Wool is one of the most regenerative materials – as sheep have to be shaved to survive. But if we need to transport the wool from another continent, the carbon footprint grows exponentially. We’d love to use this top-quality New Zealand wool in our products – but we also need to balance that against the impact of distribution. 

And then, our challenges! A client once reported that our product had melted. Our furniture piece was under a black cover on an asphalt floor. This created the perfect greenhouse effect. Although it was highly unlikely that this particular situation would recur, we had to do more tests and then – from a quality control and customer-service perspective – solve the problem.

The Bolster Chair uses net-zero manufacturing techniques, merging architecture, sustainable design and circularity. 

mebl: How do you view sustainability certifications?

Raub: Some clients ask that we attain certain certificates. If the project is large enough and we want to win it, we’ll look into getting the certification. But first, it must be feasible and we have to believe in the certification. 

There are so many certifications out there. We have to be selective and approach them on a case-by-case basis. We have acquired some certifications, like FSC-certified timbers, and we’re in the process of becoming a B Corp. We’re looking at others. 

mebl: What is your marketing strategy? How do you attract clients?

Raub: We don’t really advertise. Our current team consists of thirteen ‘modelers’ who create visibility around our brand. We go to conferences and events and show people what we do. We educate people from an industry perspective on our materials and processes.

In Model No.’s early years, the business model was more directed at consumers. We branched out to both the residential and commercial sectors and solidified our network by building relationships with designers and architects. 

mebl: And we heard something about a fallen tree?

Raub: We collaborated with a company – PROWL Studio, based in Oakland, California – and an artist, Mike Han in Detroit, Michigan. We made a furniture piece from a single fallen ash tree salvaged in Northern California. 

We work with a vendor, Arborica, that has access to fallen, storm-damaged or chopped-down trees. We selected a salvaged tree and turned it into three viable products: a table and set of four chairs, two light sculptures and a monolith. For the chairs and monolith, we blended the wood shavings and sawdust to 3D-print the finished product.

Model No.’s collaboration with PROWL Studio and artist Michael Han to transform a fallen tree and sawdust waste into furniture and furnishings.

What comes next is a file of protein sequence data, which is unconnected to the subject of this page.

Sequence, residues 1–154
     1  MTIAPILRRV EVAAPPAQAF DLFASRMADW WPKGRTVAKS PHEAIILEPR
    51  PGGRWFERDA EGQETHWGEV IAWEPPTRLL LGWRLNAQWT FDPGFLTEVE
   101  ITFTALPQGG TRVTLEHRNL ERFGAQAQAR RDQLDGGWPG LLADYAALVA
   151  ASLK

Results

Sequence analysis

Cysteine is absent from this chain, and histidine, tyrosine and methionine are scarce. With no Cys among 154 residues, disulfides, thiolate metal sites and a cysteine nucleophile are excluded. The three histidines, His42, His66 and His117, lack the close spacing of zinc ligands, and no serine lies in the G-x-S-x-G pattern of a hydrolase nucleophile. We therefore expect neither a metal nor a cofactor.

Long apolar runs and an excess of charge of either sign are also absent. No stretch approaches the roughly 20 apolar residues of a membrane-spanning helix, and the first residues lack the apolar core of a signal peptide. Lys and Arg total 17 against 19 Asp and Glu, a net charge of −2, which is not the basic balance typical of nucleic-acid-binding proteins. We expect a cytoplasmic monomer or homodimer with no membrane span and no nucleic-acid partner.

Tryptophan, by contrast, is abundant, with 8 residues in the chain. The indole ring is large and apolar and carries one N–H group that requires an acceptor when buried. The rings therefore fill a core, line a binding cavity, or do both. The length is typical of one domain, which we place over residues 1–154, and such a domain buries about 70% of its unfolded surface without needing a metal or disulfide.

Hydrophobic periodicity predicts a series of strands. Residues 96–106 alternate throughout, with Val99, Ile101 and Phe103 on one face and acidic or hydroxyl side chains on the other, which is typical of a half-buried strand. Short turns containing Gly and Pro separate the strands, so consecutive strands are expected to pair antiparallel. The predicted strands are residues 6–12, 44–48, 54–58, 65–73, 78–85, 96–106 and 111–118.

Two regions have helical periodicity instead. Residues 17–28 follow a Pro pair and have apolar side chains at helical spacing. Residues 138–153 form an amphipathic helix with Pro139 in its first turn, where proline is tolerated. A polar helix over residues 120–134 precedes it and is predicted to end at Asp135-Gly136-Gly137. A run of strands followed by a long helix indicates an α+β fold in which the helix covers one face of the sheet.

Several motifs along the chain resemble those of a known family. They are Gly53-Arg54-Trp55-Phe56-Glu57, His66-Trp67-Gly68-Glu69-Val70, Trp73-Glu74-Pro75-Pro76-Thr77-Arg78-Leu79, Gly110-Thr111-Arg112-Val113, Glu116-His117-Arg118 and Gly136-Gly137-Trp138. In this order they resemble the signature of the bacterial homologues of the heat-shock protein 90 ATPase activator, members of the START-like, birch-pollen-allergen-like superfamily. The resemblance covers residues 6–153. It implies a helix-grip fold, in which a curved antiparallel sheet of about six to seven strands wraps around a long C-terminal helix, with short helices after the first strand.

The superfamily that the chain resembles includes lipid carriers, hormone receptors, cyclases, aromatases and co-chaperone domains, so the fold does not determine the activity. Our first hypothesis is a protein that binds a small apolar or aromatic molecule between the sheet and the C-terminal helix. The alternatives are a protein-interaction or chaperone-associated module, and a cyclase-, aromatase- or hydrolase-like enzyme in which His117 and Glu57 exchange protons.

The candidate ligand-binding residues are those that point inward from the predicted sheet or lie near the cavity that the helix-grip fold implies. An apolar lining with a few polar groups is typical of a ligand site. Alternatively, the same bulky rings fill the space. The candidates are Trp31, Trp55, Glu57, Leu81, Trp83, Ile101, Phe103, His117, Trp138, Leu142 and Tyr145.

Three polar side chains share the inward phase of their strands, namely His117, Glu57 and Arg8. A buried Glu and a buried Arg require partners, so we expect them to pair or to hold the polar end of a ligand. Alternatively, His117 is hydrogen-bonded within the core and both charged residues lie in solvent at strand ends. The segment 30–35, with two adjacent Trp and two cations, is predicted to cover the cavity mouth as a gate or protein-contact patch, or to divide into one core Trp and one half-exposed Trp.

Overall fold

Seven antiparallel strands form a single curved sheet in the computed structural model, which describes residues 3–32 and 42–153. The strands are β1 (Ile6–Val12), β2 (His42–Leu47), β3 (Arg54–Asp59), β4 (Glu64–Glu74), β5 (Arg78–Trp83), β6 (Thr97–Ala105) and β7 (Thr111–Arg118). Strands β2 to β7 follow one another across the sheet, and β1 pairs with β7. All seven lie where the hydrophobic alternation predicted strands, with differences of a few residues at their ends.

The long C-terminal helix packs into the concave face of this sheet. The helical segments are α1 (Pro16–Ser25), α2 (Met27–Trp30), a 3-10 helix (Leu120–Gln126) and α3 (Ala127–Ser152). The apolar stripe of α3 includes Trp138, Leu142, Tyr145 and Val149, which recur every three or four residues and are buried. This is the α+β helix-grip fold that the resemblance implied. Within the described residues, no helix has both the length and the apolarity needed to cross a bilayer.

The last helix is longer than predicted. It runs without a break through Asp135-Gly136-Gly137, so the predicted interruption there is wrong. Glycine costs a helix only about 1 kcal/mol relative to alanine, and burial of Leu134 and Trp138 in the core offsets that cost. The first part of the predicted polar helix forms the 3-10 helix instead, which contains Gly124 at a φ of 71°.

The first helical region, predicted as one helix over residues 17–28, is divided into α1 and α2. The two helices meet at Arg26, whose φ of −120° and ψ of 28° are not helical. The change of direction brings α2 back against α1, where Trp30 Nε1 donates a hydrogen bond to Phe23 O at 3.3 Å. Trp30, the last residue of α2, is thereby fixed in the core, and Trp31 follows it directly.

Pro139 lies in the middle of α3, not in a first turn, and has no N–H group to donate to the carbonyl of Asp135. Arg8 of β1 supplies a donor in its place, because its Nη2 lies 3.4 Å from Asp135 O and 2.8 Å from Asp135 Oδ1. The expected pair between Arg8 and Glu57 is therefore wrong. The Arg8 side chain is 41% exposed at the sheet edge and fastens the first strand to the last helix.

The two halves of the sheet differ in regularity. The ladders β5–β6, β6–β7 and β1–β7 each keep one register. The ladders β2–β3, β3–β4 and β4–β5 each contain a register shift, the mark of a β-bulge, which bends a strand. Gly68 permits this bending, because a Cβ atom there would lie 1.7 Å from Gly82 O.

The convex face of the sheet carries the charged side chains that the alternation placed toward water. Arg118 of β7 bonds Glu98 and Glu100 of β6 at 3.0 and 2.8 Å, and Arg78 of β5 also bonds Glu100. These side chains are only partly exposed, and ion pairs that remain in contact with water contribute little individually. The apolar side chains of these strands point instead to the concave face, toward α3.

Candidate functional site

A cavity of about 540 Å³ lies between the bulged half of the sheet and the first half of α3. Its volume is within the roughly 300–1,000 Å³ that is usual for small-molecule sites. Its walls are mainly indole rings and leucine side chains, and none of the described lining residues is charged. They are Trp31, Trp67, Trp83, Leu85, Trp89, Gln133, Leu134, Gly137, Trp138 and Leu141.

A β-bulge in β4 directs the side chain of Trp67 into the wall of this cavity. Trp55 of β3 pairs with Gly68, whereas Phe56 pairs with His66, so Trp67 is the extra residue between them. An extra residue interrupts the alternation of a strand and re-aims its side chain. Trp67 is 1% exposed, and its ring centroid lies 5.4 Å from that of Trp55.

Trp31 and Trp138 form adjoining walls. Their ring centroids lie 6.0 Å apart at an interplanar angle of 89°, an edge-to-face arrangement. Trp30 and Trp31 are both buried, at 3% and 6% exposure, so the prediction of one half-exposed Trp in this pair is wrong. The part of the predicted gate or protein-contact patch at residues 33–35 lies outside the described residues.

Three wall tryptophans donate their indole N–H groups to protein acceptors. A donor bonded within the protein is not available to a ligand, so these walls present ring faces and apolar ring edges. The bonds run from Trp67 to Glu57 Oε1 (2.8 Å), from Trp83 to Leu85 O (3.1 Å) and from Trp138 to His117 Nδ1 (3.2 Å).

mebl: What about driving large-scale change across the furniture industry?

Raub: It is industry - more than public policy - that is driving change. Business is inspiring people to adopt new habits - and this is creating a monumental shift. Companies like IKEA, for example, employ circular and regenerative practices like localizing their supply chains. 

IKEA is setting up their own forestry division and growing and replanting their own trees, while formalizing take-back programs and second-hand stores. We need to look to these companies for best practices and ideas on leading the change. 

At the moment Model No. is not big enough, and doesn’t generate enough profit, to be affected by policies and tax incentives. Government can use these tools at the local and federal level to motivate companies to do the right thing.

mebl: How are you tackling sustainability and circularity in your personal life?

Raub: A couple of weeks ago, I was at a conference where a CEO made an excellent argument. He pointed out that we compare traditional fossil fuels with electric-powered cars … but both are fraught with issues. To make monumental shifts, that CEO said, we need less intensive solutions like bicycles. We need to consume less to solve our problems. 

In the past five years, I’ve really started to rethink the way I live. I’m not as focused on possessions as on experiences and spending time with my family. A couple of times a year, my wife takes our kids to a biodynamic farm where they learn where food comes from. 

As a household, we eat mostly seasonal and locally-sourced food. I try to walk everywhere I go. Generally, I consume a lot less and commit to reducing in everything I do.

mebl: We’re delighted to hear that your family is striving to live more sustainably, AND that you’re helping clean up the furniture industry. Thank you very much for taking the time to tell us about Model No.’s journey and how you’re leading the change with technology, design, and collaboration. 

Other articles in the Changemakers Series: